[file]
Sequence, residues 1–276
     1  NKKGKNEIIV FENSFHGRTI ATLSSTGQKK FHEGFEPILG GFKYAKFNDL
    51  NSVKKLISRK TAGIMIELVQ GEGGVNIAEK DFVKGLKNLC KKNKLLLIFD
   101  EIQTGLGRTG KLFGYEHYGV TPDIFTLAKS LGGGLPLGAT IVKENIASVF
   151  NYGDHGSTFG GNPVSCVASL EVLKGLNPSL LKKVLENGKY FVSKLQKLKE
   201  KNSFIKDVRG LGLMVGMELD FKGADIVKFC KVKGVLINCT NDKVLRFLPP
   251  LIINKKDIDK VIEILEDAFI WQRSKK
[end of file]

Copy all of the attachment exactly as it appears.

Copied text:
Sequence, residues 1–276
     1  NKKGKNEIIV FENSFHGRTI ATLSSTGQKK FHEGFEPILG GFKYAKFNDL
    51  NSVKKLISRK TAGIMIELVQ GEGGVNIAEK DFVKGLKNLC KKNKLLLIFD
   101  EIQTGLGRTG KLFGYEHYGV TPDIFTLAKS LGGGLPLGAT IVKENIASVF
   151  NYGDHGSTFG GNPVSCVASL EVLKGLNPSL LKKVLENGKY FVSKLQKLKE
   201  KNSFIKDVRG LGLMVGMELD FKGADIVKFC KVKGVLINCT NDKVLRFLPP
   251  LIINKKDIDK VIEILEDAFI WQRSKK